...Growing, Building, Cooking, Preserving, Crafting...

2006 began our urban homestead when I broke ground on a garden, which now includes perennial fruits, flowers, & many vegetable varieties. We dream of solar panels, keeping bees and hens. Until then we'll continue growing and preserving our own fruits and vegetables, building what we can for our home, cooking from scratch, and crafting most days.


The Busiest Week of My Year

Our lonely bird waiting for his brine
The days leading up to Thanksgiving always make for the busiest week of my year.  The local food round-up last Saturday--with all of its intricate choreography--turned out pretty well and no one (neither Mommy nor Vera) spontaneously combusted even though we didn't return to the homestead until well after normal nap time.  Whew!  This week I made my traditional stop at the conventional grocery store--you may recall that this is one of my favorite "guilty pleasures" before the Thanksgiving holiday (call me weird for thinking of it that way.)  We are more or less ready to go with the food preparations for Thursday.  I will begin this afternoon by bringing back the "turkey bucket," our name for the 5-gallon bucket where we brine our bird until cook-time on Thursday.  Vera's first Thanksgiving week found her carefully guarding the bucket.  Last year when she was already stringing a few words together and repeating anything we suggested, the slightest utterance of "turkey bucket" in her sweet little voice would have Ben and I in stitches.

I crossed a cooking class off my list last night, realizing after shopping for my class that it wasn't the best timing because where was I going to put the food until prep. time?  I crammed and jammed it into the fridge, but I will tell you that by National Restaurant Association standards, they should have revoked my Safe Food Handler certificate late Saturday night. (For the record, there was no cross-contamination, but my limited options for food placement in the fridge might have been given a second glance from an inspector.)  Anyway...

This morning I had the pleasure of hosting a new interest group at our home.  After all of our talk over the last couple of years, we finally pulled together a small group (four of us so far) of like-minded folks who essentially want to "save the world"...or at least get started preparing our little corner of it to withstand whatever the Earth, economy, or other powers-that-be throw at us.  We are calling ourselves the "South Shore Resilience Circle," and I'm flattered and honored to be a part of this group of experienced men with specialities, knowledge, and interest in permaculture, gardening, rainwater management, forest gardens, alternative energy, peak oil, and community living, just to name a few.  The gentleman who so generously let me pick elderberries at his impressive South Milwaukee homestead last season, a self-proclaimed "urban camper" and dedicated Power-downer, and the founder of Bay View's Eco-Village are my team members in this endeavor.  We're also planning to recruit a gentleman who has electrical engineering experience, which could come in tremendously handy in setting up alternative energy systems.  We've chosen to limit the size of our group, not because we want to be exclusive and only "save ourselves," but because through other similarly focused organizations around the city we've found that working in smaller groups can often be a better way to more quickly get to work on important projects versus continuing to meet, talk, meet, talk, meet, talk, but never set out on a task.  Not to mention, it's nice to be able to fit everyone around a dining room table to solve the world's problems.  Many of which have been sorted out when a small group of people pull up a chair.  I was asked to be part of this circle for my culinary, preservation, and solar cooking experience.  I am excited to share that skill set, but am also hoping to gain a better knowledge of the more technical details--exercising the other hemisphere of my brain--to learn about solar energy, bio-swales, and alternatively-fueled transportation just to name a few projects that have already been mentioned.  I am hoping to inherit four inspiring mentors through this group and finally get somewhere with ideas that have thus far just been dreams in my urban homesteading journal.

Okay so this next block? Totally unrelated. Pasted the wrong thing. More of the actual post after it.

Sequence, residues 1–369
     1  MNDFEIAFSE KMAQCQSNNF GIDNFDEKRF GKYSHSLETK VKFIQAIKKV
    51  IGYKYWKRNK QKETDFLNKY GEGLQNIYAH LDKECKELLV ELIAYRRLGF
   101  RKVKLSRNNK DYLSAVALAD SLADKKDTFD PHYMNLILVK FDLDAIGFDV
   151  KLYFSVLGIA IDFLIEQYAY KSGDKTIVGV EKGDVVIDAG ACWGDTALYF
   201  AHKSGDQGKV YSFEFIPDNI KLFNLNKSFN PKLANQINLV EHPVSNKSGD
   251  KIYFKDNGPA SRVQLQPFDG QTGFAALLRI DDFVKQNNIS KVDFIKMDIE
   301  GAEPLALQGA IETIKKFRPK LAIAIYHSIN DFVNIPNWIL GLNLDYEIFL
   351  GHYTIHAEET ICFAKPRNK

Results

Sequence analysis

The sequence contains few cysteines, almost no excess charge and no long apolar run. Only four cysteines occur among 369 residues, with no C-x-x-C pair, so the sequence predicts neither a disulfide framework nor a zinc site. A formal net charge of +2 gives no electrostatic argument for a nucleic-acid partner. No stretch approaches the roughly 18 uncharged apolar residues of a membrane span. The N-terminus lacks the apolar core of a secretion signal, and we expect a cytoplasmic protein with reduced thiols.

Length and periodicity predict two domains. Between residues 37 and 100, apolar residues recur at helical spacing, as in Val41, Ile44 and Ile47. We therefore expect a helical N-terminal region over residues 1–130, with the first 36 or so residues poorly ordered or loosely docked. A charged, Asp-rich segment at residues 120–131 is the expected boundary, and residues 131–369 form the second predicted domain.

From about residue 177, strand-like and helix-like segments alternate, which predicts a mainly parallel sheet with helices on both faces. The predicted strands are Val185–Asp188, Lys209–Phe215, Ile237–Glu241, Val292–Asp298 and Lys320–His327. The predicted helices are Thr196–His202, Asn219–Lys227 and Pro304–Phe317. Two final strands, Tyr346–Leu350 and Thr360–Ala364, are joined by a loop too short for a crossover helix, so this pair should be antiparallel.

Gorgeous label artwork by the
winemaker's wife/tasting room host
So it's two days before the big feast and once again I have most likely disappointed my blog followers by not posting more Thanksgiving recipes.  Let me at least offer you a cocktail [recipe.]  There's a great article in my current issue of Mother Earth News about hard cider.  I just bought a couple bottles from Aeppeltreow Winery near Burlington. (You may recall, this was the orchard trip where a friend and I with the kiddos nearly got kicked out of the winery.)  Never imagined Butterscotch Schnapps would be on my holiday shopping list, but, alas, it is now part of my "liquor cabinet" as I will be pouring this cocktail on Thursday--possibly at 10:00 AM sharp (official Wegner Family "beer-thirty") depending on how the day starts.

Cheers to you and yours this week.  Stay tuned for my "List of Gratitude" in the next post.

1 comment:

  1. The days leading up to Thanksgiving is always very busy..